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As a newspaper columnist, Nancy Devlin, Ph.D. has written over 700 articles on subjects related to education and parenting. Welcome to her Classroom!

Perpetuating the Myth (More on Labeling)

thinking cap

I once tested a student who I discovered, had a disability in spelling.  He seemed relieved when I told him this.  He had felt dumb because he could not spell no matter how hard he tried to memorize the words.  Later, he showed me a composition he had written in which many words were misspelled.  I asked him why he was handing in a paper with misspelled words in it.  He replied that, since now everyone knows he has a disability in spelling, nobody would expect him to spell correctly anymore.

The same reasoning is true for schools.  Schools now know that many of today’s children are born in poverty, are abused, and/or live in homes which are not intellectually stimulating.  Such children come to school in poor health, with short attention spans, poor motivation, are behind their peers intellectually, and are passive learners.  Just because everyone is aware of these deficiencies, does not mean that schools can use this information against the children by assuming they cannot learn.  They probably cannot be taught using the same methods which work for children coming from supportive home environments.  They can learn, however, with encouragement and the right program.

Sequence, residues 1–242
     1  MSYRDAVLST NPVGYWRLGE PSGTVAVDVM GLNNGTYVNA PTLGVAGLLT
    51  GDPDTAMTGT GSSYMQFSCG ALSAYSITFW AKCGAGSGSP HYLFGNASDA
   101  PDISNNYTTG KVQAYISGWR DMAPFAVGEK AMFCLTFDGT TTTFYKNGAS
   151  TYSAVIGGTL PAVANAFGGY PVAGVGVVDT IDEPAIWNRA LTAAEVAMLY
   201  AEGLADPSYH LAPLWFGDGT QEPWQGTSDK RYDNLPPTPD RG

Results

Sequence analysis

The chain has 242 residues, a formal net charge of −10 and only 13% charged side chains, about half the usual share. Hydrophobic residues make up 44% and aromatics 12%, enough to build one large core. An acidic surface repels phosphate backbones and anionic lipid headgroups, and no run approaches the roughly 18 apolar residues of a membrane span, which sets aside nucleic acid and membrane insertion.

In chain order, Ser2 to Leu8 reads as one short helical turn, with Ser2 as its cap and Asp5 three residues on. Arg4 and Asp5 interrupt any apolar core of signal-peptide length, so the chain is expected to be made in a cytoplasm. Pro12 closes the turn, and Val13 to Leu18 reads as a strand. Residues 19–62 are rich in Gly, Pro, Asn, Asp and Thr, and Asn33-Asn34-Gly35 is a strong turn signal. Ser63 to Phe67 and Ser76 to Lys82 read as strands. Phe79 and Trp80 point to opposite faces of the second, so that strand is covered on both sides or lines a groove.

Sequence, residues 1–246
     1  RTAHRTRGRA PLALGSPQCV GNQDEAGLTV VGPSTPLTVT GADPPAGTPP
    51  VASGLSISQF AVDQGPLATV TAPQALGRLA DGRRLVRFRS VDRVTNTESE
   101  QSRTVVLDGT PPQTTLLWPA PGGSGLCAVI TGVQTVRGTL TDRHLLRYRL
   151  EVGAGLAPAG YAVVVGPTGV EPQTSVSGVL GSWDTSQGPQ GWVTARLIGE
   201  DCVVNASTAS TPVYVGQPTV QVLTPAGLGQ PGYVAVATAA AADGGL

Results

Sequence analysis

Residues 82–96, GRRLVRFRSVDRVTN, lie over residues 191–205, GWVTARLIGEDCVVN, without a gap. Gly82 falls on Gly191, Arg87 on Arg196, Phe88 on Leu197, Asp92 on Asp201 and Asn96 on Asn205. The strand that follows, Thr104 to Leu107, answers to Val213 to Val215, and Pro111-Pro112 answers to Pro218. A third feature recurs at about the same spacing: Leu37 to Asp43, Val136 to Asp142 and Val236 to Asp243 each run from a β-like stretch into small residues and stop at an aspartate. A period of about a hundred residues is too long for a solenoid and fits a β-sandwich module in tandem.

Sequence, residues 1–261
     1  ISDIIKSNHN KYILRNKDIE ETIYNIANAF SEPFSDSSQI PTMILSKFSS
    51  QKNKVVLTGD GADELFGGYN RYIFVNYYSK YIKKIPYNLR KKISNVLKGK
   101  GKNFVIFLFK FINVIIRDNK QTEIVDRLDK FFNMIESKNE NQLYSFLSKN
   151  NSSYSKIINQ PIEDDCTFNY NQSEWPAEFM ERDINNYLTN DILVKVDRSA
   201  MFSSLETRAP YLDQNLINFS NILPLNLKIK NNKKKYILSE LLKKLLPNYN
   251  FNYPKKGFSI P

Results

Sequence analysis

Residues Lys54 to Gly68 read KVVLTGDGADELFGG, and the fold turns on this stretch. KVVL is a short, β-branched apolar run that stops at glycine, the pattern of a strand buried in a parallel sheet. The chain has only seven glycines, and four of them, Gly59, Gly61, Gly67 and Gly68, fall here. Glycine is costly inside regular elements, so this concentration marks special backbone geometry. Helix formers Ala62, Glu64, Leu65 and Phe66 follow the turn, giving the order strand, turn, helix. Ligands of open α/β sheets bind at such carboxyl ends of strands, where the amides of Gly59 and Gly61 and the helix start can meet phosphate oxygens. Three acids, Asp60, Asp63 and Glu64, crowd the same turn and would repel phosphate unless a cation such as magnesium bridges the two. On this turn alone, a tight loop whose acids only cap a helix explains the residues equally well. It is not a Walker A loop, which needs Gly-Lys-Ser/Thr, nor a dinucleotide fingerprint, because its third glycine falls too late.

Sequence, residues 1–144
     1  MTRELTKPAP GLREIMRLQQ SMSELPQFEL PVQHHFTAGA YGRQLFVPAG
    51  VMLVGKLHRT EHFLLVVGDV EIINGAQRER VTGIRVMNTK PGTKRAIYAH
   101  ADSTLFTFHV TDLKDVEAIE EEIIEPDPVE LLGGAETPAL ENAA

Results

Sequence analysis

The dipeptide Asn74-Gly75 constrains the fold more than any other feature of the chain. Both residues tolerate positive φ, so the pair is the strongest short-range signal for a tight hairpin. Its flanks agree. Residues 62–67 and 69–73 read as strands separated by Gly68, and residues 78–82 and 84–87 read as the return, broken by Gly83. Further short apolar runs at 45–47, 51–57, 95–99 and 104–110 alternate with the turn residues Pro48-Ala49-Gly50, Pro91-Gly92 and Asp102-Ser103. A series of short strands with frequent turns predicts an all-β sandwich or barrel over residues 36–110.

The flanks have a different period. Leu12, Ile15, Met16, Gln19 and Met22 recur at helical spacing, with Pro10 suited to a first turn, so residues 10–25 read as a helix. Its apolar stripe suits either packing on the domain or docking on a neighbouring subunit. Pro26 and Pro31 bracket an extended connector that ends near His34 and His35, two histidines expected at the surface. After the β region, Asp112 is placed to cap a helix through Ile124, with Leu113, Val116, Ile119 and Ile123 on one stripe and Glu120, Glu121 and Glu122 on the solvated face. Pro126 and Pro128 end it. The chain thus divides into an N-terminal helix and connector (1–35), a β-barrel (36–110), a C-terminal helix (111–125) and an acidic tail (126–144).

The type of thinking the boy with the spelling disability had, that he did not need to work to find ways to overcome his disability applies to schools.  The schools perpetuate the myth that they are not responsible for deficiencies not of their own making.  It is true that the schools are not responsible for the deficiencies but, like the poor speller, they are responsible for developing strategies which use knowledge and understanding to overcome these deficiencies.

If the poor speller does not develop strategies, the result will merely be misspelled words.  If the school systems do not develop strategies, the result will be a whole generation of children condemned to poverty and to ignorance.  Schools are the last hope for those children whom society and their families, for whatever reason, have failed.  School systems have the potential to succeed, with our encouragement and our support both financially and emotionally, where other systems have failed.  We will have failed a whole generation if we do not give the children and the schools that support now.

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